U.S. Government Resources

He will remain in his post and has been ordered to reimburse the government "as appropriate," the Homeland Security secretary said.
But Administrator Brock Long won't lose his job -- for now.
There is a persistent myth that just won’t go away: that sometimes it’s better to make less money than more money. For example
by Elizabeth Van Brocklin Hours after a gunman killed 58 people and injured hundreds more in Las Vegas last October, donations
The extra help unemployed people got during the Great Recession has emboldened states to mistreat them.
It’s official: Your new baby qualifies as a dependent.
The Department of Homeland Security has drafted proposed new rules making it harder for immigrants to get permanent residency if they have received certain public benefits.
The biggie: You can deduct the amount of interest paid on your mortgage.
As Congress stares down yet another deadline, state leaders once again may have to decide whether to open their own wallets to protect their local tourism industries.
The new tariffs the White House announced last month are likely to make things worse for the industry.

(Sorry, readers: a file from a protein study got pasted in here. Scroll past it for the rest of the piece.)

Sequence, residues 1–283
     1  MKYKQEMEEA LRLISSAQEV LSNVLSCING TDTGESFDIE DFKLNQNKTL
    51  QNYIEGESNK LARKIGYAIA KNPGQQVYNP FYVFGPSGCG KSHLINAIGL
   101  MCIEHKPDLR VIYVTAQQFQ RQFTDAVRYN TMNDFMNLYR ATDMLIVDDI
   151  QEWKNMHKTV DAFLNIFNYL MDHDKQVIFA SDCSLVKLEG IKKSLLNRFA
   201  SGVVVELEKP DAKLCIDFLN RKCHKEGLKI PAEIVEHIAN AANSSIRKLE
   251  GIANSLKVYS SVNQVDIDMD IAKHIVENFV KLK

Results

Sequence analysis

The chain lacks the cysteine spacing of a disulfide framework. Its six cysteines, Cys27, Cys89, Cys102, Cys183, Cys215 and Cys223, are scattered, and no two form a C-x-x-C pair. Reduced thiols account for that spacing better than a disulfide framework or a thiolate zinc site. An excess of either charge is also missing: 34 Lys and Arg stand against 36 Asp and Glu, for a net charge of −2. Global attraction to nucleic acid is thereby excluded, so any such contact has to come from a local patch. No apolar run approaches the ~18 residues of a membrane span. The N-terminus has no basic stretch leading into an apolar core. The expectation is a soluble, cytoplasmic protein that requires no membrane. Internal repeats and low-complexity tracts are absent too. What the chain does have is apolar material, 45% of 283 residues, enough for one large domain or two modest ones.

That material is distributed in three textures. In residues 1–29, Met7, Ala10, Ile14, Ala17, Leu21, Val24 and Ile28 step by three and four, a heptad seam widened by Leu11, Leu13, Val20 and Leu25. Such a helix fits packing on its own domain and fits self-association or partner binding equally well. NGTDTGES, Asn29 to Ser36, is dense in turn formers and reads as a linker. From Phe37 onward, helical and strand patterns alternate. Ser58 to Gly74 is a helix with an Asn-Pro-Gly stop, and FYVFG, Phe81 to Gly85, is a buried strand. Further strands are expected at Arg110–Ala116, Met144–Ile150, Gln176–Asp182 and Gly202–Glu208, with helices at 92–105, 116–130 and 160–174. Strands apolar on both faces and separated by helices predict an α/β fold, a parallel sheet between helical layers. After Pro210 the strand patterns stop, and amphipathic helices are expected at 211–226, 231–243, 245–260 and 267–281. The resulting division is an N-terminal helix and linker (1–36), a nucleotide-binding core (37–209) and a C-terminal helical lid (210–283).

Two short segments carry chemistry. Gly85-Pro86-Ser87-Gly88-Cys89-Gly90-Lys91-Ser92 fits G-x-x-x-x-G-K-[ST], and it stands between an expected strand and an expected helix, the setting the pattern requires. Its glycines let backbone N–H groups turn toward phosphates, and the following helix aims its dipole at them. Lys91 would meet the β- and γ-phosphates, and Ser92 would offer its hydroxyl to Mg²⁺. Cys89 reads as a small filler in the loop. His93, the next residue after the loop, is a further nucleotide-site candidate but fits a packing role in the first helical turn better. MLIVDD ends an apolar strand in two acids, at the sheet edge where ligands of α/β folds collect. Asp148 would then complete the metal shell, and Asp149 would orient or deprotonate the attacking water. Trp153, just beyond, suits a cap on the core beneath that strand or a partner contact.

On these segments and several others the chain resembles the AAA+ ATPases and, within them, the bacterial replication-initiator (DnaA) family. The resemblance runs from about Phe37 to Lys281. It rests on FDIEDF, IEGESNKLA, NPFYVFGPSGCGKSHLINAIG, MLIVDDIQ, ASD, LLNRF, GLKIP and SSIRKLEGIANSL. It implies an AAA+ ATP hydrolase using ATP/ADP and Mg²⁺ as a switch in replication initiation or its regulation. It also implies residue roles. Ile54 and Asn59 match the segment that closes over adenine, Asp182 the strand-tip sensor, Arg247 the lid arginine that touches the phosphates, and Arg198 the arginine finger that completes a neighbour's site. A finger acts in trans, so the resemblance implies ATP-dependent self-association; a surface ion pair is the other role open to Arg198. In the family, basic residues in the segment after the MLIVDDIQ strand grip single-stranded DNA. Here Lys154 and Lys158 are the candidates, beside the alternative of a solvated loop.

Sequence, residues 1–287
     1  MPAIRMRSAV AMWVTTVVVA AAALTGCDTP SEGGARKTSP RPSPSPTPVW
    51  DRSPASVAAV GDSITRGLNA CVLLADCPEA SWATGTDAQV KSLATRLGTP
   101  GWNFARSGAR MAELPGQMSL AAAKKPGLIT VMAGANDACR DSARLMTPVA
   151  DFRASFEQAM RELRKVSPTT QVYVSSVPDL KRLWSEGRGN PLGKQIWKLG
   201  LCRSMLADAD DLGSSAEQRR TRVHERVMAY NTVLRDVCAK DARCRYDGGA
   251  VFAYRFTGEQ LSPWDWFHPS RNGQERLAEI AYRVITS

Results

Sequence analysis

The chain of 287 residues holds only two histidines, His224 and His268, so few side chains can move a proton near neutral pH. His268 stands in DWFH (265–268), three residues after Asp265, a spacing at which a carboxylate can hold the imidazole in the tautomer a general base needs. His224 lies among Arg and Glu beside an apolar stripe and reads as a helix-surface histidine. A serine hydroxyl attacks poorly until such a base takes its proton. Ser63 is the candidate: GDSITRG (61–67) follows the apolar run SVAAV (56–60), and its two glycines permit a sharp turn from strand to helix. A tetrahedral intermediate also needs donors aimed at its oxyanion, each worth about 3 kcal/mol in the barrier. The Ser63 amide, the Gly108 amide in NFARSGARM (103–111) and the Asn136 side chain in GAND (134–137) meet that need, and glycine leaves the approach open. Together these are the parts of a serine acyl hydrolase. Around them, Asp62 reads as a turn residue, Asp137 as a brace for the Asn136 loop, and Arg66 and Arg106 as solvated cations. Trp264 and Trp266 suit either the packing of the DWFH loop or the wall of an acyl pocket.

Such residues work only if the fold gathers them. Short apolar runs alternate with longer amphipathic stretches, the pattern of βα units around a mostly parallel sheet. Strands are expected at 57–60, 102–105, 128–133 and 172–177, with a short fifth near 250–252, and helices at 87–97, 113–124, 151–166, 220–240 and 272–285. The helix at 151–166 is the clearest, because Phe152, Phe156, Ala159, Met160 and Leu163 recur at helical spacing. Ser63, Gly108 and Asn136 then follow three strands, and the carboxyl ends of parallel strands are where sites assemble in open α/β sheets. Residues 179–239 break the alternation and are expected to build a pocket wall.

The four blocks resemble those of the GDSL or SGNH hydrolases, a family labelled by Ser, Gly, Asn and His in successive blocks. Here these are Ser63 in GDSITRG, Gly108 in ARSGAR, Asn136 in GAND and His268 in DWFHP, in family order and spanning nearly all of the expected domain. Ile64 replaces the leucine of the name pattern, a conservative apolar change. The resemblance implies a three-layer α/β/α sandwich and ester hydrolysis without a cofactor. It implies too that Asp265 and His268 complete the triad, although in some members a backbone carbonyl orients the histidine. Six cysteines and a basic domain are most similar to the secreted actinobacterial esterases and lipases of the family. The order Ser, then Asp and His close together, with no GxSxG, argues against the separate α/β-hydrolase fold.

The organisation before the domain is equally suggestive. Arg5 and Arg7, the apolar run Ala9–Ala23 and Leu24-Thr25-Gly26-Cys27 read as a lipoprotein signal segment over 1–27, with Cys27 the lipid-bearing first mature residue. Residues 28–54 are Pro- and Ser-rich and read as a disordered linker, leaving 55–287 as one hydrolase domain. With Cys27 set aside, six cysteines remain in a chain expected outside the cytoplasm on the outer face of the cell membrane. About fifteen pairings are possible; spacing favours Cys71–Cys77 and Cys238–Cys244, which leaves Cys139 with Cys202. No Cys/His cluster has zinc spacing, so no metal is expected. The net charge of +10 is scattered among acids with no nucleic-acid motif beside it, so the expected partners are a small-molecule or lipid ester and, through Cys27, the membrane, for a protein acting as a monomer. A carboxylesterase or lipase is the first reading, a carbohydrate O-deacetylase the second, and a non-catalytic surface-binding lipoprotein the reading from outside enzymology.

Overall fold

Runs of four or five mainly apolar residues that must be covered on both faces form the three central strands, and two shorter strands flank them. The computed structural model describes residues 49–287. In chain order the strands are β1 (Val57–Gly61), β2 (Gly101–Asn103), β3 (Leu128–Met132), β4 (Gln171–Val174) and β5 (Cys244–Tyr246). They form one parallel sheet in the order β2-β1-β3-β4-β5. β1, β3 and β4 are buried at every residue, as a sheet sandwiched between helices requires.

Representatives unanimously agreed to reform arcane sexual misconduct policies.
Critics worry the change will force patients to turn to more expensive providers, travel long distances for cheaper care
Maine voters resoundingly approved Medicaid expansion last year. Idaho, Nebraska and Utah could be next.
People significantly overestimate the number of African-Americans benefiting from the largest programs.
Both Democrats and Republicans called Rep. Jeanne Ives' gubernatorial campaign ad "bigoted" and "homophobic."
Matthew Heimbach, head of the Traditionalist Worker Party, has been called "the next David Duke."
Activists want to put a human face on public assistance.
Insufficient legal protections and indifferent workplaces have caused many women to fall short of pediatric guidelines.